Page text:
Of course, that won’t help you if you raid the fund to pay for new granite countertops. But then, that’s what our political leaders have been doing on a national scale for years.
ANOTHER UPDATE: A reader writes: “One recurring theme that I’ve noticed with 50-60 something NY Times columnists, and indeed men of that age in general, is that their financial woes involve a messy divorce earlier in their life. For people who are wondering why young men don’t ‘man up’ and marry, they may want to consider the effect of one example of divorce-induced financial ruin after another.” Well, that’s what the Insta-Wife’s forthcoming book is about.
And reader Jeff Randles emails: “If I raid my 401k then I’ve got the granite counter tops. If the government raids my 401k, then somebody else gets the granite counter tops.”
MORE: A reader who asks for anonymity comments: “Just wanted to point out that Teresa Ghilarducci was the Democrat operative that proposed the GRA to a congressional committee as a replacement for the 401K. That was what triggered the blogosphere backlash and the subsequent backpedaling of Democrats when it was suggested that they were trying to seize peoples’ 401K and IRA accounts. So having Joe Nocera quote her in his article about his 401K is a bit telling, don’t you think?”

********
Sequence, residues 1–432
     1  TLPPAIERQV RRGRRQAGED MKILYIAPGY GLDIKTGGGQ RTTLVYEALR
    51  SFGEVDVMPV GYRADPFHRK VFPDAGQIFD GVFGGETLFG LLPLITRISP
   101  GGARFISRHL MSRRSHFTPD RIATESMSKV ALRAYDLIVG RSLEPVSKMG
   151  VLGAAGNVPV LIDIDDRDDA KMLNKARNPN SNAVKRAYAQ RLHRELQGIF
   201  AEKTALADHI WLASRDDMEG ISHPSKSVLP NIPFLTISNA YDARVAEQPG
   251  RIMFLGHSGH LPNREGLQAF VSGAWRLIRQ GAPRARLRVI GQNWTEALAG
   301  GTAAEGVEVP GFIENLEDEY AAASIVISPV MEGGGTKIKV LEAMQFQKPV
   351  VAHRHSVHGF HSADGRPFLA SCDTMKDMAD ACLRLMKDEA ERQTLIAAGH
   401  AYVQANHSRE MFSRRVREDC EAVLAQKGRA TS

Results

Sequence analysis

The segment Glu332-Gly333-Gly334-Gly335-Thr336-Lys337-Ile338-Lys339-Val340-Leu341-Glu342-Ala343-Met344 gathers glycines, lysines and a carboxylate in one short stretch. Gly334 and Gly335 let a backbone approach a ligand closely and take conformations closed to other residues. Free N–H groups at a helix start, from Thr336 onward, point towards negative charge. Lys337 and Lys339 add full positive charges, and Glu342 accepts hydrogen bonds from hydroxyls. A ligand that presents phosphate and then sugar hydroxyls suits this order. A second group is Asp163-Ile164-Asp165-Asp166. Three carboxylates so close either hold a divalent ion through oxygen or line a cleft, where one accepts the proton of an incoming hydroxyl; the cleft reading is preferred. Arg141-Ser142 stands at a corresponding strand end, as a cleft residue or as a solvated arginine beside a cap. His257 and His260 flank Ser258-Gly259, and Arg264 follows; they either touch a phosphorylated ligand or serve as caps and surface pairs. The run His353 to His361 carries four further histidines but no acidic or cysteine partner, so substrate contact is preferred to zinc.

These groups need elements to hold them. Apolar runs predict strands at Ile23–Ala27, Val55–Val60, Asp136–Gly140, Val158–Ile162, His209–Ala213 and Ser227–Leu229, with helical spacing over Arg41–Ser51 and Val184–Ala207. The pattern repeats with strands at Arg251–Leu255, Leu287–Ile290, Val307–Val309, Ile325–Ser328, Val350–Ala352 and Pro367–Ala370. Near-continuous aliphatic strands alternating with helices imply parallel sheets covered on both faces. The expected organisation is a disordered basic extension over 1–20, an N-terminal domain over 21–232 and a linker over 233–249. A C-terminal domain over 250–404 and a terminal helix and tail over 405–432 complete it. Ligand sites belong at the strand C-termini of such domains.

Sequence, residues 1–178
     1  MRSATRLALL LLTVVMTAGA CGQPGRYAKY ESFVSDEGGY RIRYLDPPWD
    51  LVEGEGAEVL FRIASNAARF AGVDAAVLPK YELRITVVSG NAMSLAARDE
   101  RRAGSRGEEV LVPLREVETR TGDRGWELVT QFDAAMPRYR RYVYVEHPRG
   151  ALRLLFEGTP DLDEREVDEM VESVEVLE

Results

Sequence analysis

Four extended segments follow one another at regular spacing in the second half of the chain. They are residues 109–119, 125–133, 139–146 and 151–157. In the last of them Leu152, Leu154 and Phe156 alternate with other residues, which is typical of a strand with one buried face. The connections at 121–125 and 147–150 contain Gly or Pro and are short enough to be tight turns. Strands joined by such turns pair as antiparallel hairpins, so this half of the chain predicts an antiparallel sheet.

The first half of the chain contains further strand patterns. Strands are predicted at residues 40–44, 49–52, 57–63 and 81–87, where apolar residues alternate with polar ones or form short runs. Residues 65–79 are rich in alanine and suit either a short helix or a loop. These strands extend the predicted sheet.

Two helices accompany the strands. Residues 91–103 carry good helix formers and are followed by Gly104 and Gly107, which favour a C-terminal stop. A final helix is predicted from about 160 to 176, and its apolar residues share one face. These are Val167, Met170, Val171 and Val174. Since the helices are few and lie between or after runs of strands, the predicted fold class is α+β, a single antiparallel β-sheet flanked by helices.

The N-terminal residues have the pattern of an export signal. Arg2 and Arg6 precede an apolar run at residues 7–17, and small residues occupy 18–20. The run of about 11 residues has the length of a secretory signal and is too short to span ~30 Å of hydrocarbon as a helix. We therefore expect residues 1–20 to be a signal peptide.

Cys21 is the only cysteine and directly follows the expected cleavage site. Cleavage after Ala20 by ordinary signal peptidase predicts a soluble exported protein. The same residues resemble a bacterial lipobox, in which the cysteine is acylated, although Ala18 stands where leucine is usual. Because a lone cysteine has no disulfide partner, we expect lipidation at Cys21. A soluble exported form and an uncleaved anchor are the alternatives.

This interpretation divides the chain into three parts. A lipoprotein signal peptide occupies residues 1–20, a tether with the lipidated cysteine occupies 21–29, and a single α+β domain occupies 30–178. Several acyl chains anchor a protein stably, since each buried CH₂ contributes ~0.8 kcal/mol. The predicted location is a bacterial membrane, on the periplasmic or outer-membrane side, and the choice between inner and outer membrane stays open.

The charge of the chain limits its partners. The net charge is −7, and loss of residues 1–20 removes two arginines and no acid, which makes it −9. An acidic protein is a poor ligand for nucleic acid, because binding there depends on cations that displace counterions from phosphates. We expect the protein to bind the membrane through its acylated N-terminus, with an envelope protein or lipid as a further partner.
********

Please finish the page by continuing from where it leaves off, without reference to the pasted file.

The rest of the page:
MORE STILL: Reader Theodore Simon spots an irony:
‘What, then, will people do when they retire? I asked Ghilarducci. “Their retirement plan is faith based,” she replied. “They have faith that it will somehow work out.” ‘
Isn’t that precisely what Congressional Democrats always offer as their excuse for doing nothing to ensure the long-term viability of Social Security and Medicare, that in the end, it will “somehow work out”?
As I say, if people are too dumb to plan for their own retirements, they’re probably too dumb to plan for other people’s, too. And certainly there’s no evidence that the folks in Washington are any less dumb than the public at large.
STILL MORE: Reader John Primmer writes:
Professor Reynolds: Isn’t it telling that when a 60 year old NYT columnist wakes up to the fact that he has messed up his retirement plans, he turns to a “behavioral economist at the New School.” And the advice he gets is “OMG this is truly a mess. We must devise a new system to fix it.” As another reader observed, you can go online and have access to gobs of information that can help you make sound investment decisions. Or you can call on financial consultants employed by dozens of low-cost brokers/custodians, such as Schwab, Fidelity, T Rowe Price, E Trade, et al. In contrast to most politicians, reputable financial advisors realize that their advice has consequences and they will be judged on their performance.